The Great Questions of Life Don Cupit

Polebridge Press, 2005

Review by Lloyd Geering

It is sometimes said that religion constitutes our answer to the great questions of life. But what are these questions? Do the traditional religions answer questions that people no longer ask? Have we entered a period of such radical cultural change that even the great questions are being expressed differently?
Don collects into groups the questions he hears people asking. The first group look for a cosmic moral purpose into which we can fit our own life. (Why are we here? What is the meaning of life? ).
The second group deals with speculative questions. (Is there a God? Is death the end? How did it all begin?) A third group asks about chance and contingency. (Why is there anything at all and not nothing? What does it all mean?) Then he deals with questions that ‘arise around the margins of the modern worldview’. (What is ultimately real? Who am I? Is that all?) In less than 100 pages Don invites us to ponder the most basic questions of human existence and come to our own conclusions. While he provides many fascinating insights he offers no final answers, for the time for dogmatic answers, as given in the past, has come to an end. We must live with the questions and the way we live our lives constitutes our answer.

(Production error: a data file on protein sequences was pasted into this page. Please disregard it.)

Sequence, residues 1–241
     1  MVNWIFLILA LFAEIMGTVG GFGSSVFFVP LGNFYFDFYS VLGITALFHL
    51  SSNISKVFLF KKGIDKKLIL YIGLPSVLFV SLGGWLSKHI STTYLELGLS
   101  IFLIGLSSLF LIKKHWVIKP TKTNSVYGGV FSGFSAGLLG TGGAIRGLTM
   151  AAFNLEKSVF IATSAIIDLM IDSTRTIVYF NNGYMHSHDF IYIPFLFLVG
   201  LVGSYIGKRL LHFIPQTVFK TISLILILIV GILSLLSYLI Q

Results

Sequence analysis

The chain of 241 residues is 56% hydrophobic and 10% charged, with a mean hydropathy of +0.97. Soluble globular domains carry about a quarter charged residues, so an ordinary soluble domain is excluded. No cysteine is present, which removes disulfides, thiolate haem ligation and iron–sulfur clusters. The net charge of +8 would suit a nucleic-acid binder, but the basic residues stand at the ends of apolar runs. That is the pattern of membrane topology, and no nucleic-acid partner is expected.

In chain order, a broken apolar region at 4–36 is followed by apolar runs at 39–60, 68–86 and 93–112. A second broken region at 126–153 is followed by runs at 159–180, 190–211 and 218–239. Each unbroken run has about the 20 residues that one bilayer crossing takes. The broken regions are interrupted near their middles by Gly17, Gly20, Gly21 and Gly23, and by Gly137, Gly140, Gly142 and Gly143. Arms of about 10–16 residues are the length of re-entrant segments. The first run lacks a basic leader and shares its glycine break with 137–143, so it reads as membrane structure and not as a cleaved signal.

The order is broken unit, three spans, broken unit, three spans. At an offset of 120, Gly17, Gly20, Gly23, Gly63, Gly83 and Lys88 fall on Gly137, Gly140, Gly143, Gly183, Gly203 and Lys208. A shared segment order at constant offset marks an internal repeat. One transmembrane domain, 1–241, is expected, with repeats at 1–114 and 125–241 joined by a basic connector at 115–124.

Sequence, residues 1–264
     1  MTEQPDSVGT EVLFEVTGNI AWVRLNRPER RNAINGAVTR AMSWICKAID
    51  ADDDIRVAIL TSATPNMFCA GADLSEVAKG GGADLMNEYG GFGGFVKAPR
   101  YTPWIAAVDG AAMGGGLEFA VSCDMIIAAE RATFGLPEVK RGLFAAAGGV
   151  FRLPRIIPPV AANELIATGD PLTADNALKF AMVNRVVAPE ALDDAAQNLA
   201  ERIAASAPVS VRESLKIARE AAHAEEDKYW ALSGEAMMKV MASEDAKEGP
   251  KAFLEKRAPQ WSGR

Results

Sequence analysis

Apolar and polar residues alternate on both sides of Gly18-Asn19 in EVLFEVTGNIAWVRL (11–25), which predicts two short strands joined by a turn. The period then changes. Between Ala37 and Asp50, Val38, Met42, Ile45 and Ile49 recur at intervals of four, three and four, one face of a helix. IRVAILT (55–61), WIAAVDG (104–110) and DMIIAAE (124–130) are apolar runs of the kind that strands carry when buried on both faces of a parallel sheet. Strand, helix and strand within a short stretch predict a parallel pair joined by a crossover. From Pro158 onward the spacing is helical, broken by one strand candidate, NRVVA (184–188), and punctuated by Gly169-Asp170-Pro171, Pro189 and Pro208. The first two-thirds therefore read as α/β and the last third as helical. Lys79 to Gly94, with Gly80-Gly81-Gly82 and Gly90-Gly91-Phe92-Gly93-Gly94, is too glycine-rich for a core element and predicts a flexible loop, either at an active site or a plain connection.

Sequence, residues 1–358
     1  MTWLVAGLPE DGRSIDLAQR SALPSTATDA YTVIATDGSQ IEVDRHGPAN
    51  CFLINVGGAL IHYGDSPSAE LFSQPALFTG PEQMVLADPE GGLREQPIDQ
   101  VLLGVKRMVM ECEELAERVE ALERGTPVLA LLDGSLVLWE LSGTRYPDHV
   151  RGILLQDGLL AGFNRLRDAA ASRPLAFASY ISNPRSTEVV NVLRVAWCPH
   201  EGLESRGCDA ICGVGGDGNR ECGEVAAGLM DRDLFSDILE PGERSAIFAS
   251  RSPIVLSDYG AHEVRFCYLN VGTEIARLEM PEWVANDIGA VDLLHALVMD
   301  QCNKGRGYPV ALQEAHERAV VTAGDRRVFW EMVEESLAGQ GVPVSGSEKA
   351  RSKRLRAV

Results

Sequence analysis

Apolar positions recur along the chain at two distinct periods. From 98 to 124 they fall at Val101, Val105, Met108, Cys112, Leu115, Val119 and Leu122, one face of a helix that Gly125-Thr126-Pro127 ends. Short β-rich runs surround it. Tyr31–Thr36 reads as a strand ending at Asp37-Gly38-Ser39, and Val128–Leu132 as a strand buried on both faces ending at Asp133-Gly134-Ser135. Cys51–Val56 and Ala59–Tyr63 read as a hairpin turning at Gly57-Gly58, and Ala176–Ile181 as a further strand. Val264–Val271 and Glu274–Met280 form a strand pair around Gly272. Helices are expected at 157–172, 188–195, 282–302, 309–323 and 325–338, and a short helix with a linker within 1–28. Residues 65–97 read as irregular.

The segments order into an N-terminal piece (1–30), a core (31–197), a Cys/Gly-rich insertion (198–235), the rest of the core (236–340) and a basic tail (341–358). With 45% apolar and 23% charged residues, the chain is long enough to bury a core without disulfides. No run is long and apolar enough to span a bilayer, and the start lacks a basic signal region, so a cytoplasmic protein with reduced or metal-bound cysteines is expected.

‘Religion has to change sharply’, says Don, ‘Instead of being a way of escaping from time, chance and death, it will have to become a way of accepting and affirming this life, with all its limits, as a package deal.’ This is a book that a discussion group would find very profitable to work its way through and, short though it is, many weeks could be spent in the process.



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